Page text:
Russian Deputy Foreign Minister Sergei Ryabkov: Chances to extend New START Treaty aren't great, but they haven't dried up yet
Photo courtesy of the Russian Foreign Ministry
Russian Deputy Foreign Minister Sergei Ryabkov has given an interview to Interfax correspondent Ksenia Baygarova, in which he speaks about the results of the second round of strategic stability consultations in Vienna, chances to extend the New START Treaty and comments on calls by the United States not to interfere in the situation in Belarus.
Question: Prior to the Vienna consultations you told Interfax that you were going to clarify the position of Washington, which insisted during the previous round on engaging China in the Vienna negotiations. Did you clarify this?
Answer: The interest of the United States in, as they always underline, China's mandatory participation in future arms control negotiations has proved entirely true. The Americans cannot imagine future processes in this sphere without China. We subsequently reiterated our position that the United Kingdom and France as the closest U.S. allies must participate. Significant differences persist in this area. But it is important that the Americans show a readiness to work on the agenda, both current and future, very professionally and in a detail with us, bilaterally. Certain adjustments are needed here. We consider this to be right and logical. In fact, this is the only possible option, because, as we always say and have reiterated during the consultations, a decision to participate or not participate in certain negotiating processes rests solely with the countries in question. They should decide themselves as far as this issue is concerned. When and if they decide, we will naturally be ready to expand the format. So far, the issue is about continue working on the Moscow-Washington track.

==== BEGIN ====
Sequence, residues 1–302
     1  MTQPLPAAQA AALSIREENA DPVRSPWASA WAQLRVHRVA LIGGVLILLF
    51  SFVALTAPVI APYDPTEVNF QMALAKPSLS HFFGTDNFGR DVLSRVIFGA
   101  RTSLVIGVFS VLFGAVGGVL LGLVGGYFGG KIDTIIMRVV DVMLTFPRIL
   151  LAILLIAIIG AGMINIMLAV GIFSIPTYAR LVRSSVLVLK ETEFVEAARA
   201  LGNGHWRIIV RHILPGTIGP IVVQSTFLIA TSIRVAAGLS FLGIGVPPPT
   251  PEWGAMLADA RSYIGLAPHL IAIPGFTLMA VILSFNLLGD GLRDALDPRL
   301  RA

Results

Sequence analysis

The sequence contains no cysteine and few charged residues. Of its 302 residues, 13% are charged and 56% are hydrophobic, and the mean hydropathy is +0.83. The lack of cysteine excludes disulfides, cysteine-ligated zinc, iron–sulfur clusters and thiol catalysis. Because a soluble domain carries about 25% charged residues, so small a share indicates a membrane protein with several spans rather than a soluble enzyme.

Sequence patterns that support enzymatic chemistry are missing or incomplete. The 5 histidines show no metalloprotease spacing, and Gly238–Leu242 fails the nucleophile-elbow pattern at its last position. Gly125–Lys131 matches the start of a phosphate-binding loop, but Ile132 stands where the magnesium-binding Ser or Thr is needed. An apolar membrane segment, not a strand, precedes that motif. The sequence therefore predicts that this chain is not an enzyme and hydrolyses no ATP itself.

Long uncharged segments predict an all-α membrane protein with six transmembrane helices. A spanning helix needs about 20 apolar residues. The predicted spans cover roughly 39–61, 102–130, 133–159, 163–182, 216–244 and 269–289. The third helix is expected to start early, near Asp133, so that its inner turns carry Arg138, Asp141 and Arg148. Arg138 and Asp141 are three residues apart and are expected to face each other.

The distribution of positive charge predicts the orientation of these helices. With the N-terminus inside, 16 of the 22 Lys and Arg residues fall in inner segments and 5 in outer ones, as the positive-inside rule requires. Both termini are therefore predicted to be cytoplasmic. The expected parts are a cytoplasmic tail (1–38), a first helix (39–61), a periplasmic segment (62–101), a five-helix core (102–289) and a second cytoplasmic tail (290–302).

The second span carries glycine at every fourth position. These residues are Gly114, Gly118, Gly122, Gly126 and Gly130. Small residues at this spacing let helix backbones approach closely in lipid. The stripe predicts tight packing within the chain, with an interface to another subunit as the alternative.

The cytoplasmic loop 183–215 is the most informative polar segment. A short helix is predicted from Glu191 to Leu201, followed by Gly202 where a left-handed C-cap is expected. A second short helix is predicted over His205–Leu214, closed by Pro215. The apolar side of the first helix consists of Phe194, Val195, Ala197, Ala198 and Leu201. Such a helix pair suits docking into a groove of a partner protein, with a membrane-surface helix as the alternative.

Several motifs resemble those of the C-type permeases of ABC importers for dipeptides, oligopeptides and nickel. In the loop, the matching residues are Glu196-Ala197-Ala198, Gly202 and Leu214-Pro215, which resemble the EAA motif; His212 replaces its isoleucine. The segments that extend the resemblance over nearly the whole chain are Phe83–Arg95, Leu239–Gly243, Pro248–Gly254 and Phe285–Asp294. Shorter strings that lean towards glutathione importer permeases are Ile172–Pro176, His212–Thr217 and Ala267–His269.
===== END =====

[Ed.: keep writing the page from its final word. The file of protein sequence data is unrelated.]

Q.: Could you please clarify: as far as the New START Treaty is concerned, is it a matter only of extending the current agreement, or is there the option of drafting a new document?
A.: Here lies the dividing line between what is now and what will be in the future. We suggest extending the current agreement as it was signed and is being implemented, without any additions. Any additions would be impossible both for political and procedural reasons. This is not possible at the current stage. That is why the treaty needs to be extended in the interests of ensuring predictability, the possibility of securing a time gap in which to continue our search and efforts, including where the negotiating format is concerned.
But we cannot agree with the occasional American ideas that it is important for Russia to secure this kind of extension at any cost. That is not so at all. If the U.S. embellishes its possible - I hope it is still possible - decision in favor of extension with all sorts of preconditions and burdens this work with all possible additional requirements, then I think the problem of extending the treaty won't be that easy to resolve.
Q.: But you've just said that an extension is possible?
A.: The chances aren't great, but they haven't dried up yet.
Q.: A few days ago U.S. media reported that a meeting between the Russian and U.S. presidents is possible in New York this fall. Agreements on the New START Treaty may be reached at this meeting. Could you confirm?
A.: There have been no initiatives from the American side to arrange such contacts. We think that any contacts of this kind should be properly prepared. We're currently considering quite intensively, closely, and thoroughly, together with the U.S., the key issues associated with preserving the important elements of the arms control system, and we're discussing how to act further in this sphere, on what grounds, and on what issues. Therefore, until it's clear that we have a common understanding that there is a certain framework within which our approaches can be specified - until we have all this, we ourselves cannot propose arranging such contacts.
Q.: Could you please comment on statements by anonymous representatives of the U.S. administration and a number of congressmen that Russia should not interfere in Belarus's domestic affairs?
A.: I'm redirecting these appeals to the U.S. itself, which, judging by certain signals, is literally dreaming of interfering in this situation. All this is very alarming. Some points are testimony to the fact that Washington's current foreign policy is based on the principle of where it could possibly, where it might have some chance of engaging in reformatting the political and geopolitical landscape to suit its own interests; this principle hasn't gone anywhere. What's happening is that the basic norms and principles of international law, including non-interference in the internal affairs of sovereign states, are being eroded.